Baby Boomers: Tweet Like Your Jobs Depend on It (Because They Might)
To stay relevant in the job market, older job applicants need to prove that they embrace rather than shun technology. What better way to do this than on Twitter or Facebook, asks TheLadders.com founder Mark Cenedella.
"Ageism exists in this country," says TheLadders.com founder Mark Cenedella. "It’s absolutely clear, you’re not going to change it, and you’re not going to change people’s perceptions." That's the bad news.
But the good news is there are ways that you can overcome this bias, says Cenedella, who, as the CEO of the world's largest professional jobs website, knows a thing or two about the job market.
Either you can surrender to technology, or you can decide to embrace it—it's your choice, he says. "I have met candidates who are defeated by it, hunched over, lopsided, who don’t believe in themselves anymore, don’t project themselves, don’t really show that they have the capability or interest or energy to really do great at the job...But I've also met older candidates that just exude energy and confidence." These older candidates may not understand technology as well as their younger counterparts, but as long as they express an interest in learning and staying current, their age doesn't have to be a hindrance.
Really the issue is not of ageism but of attitudeism, says Cenedella. And the best way to signal a good attitude and thus stay relevant in the job market, he advises, is to express yourself and your interests digitally:
"Today to stay relevant with the newest generations, you have to have a blog or a Twitter account or some way that you’re showing that 'expressing myself digitally is an important part of who I am' and not just sharing pictures of the grandkids with everybody else. Expressing yourself and your own interests is what people can relate to whatever it is. Actually, sometimes the kookier it is the better."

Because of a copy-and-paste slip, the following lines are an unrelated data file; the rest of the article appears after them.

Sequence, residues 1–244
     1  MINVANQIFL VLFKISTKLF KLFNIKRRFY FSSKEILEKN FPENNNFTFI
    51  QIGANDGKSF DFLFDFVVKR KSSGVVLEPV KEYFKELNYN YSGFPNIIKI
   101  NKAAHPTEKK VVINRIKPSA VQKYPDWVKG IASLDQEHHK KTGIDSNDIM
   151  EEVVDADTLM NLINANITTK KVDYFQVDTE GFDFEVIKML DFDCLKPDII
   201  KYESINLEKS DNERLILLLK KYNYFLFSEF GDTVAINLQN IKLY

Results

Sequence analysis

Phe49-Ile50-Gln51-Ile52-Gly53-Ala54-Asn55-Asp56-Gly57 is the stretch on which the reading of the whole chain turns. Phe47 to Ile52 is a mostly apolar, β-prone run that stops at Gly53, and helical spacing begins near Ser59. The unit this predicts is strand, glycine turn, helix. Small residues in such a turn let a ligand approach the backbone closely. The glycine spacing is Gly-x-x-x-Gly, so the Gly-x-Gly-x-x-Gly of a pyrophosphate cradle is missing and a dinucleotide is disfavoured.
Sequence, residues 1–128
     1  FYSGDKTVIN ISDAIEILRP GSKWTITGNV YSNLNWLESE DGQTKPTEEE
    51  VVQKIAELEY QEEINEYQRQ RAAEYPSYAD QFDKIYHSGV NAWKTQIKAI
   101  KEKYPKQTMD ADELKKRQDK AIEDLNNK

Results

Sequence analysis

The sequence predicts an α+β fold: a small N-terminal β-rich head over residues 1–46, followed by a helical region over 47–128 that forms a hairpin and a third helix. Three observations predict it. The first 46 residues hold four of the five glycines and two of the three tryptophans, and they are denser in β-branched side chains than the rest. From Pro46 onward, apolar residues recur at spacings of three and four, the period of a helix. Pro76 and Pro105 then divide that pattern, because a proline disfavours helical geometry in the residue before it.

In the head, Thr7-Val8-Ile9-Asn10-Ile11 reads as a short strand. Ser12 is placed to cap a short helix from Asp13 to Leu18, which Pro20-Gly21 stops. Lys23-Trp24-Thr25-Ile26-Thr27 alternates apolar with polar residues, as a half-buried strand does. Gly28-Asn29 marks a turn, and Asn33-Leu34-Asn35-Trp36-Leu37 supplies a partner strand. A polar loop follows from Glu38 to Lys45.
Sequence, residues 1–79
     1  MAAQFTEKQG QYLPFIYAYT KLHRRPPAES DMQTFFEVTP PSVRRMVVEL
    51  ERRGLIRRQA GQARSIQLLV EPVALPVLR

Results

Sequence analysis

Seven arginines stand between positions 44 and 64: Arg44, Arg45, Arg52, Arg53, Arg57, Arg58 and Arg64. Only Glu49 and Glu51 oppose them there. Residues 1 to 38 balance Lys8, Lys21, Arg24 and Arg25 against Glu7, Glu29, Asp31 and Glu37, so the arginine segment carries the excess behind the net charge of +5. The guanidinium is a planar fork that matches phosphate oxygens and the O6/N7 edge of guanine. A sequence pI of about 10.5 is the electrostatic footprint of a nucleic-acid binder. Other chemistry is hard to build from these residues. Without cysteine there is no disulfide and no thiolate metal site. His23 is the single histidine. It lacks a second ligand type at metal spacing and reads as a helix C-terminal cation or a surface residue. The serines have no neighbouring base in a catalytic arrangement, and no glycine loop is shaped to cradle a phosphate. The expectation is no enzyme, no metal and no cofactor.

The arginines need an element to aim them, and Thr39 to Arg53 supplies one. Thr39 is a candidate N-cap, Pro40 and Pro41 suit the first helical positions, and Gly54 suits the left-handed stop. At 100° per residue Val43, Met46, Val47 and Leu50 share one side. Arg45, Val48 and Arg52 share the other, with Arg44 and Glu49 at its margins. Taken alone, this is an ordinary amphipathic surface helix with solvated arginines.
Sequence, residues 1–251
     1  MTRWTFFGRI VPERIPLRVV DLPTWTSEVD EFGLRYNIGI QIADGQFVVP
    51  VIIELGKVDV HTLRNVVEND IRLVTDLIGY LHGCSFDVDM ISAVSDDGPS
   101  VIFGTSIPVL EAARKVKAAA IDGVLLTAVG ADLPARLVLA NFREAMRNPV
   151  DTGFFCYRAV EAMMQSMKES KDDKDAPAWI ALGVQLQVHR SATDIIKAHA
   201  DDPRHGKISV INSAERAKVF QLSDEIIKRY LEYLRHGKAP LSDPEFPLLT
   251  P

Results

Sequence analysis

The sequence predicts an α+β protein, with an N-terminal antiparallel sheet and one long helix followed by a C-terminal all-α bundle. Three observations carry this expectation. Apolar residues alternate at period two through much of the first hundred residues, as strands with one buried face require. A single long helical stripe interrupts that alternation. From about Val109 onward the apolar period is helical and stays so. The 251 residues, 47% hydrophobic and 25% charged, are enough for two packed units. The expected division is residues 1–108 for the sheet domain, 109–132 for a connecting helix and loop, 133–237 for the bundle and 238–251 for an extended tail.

That being said, there will always be some cases in which short-sighted stereotypes are too firmly entrenched to prove yourself. "Here, the right thing to do is just pick up and move on because getting worried or flustered or angry about it actually isn’t going to help you with what you really want to do, which is get your next job," says Cenedella.
How a cataclysm worse than what killed the dinosaurs destroyed 90 percent of all life on Earth.
While the demise of the dinosaurs gets more attention as far as mass extinctions go, an even more disastrous event called "the Great Dying” or the “End-Permian Extinction” happened on Earth prior to that. Now scientists discovered how this cataclysm, which took place about 250 million years ago, managed to kill off more than 90 percent of all life on the planet.
A new study discovers the “liking gap” — the difference between how we view others we’re meeting for the first time, and the way we think they’re seeing us.
We tend to be defensive socially. When we meet new people, we’re often concerned with how we’re coming off. Our anxiety causes us to be so concerned with the impression we’re creating that we fail to notice that the same is true of the other person as well. A new study led by Erica J. Boothby, published on September 5 in Psychological Science, reveals how people tend to like us more in first encounters than we’d ever suspect.
Using advanced laser technology, scientists at NASA will track global changes in ice with greater accuracy.
Leaving from Vandenberg Air Force base in California this coming Saturday, at 8:46 a.m. ET, the Ice, Cloud, and Land Elevation Satellite-2 — or, the "ICESat-2" — is perched atop a United Launch Alliance Delta II rocket, and when it assumes its orbit, it will study ice layers at Earth's poles, using its only payload, the Advance Topographic Laser Altimeter System (ATLAS).
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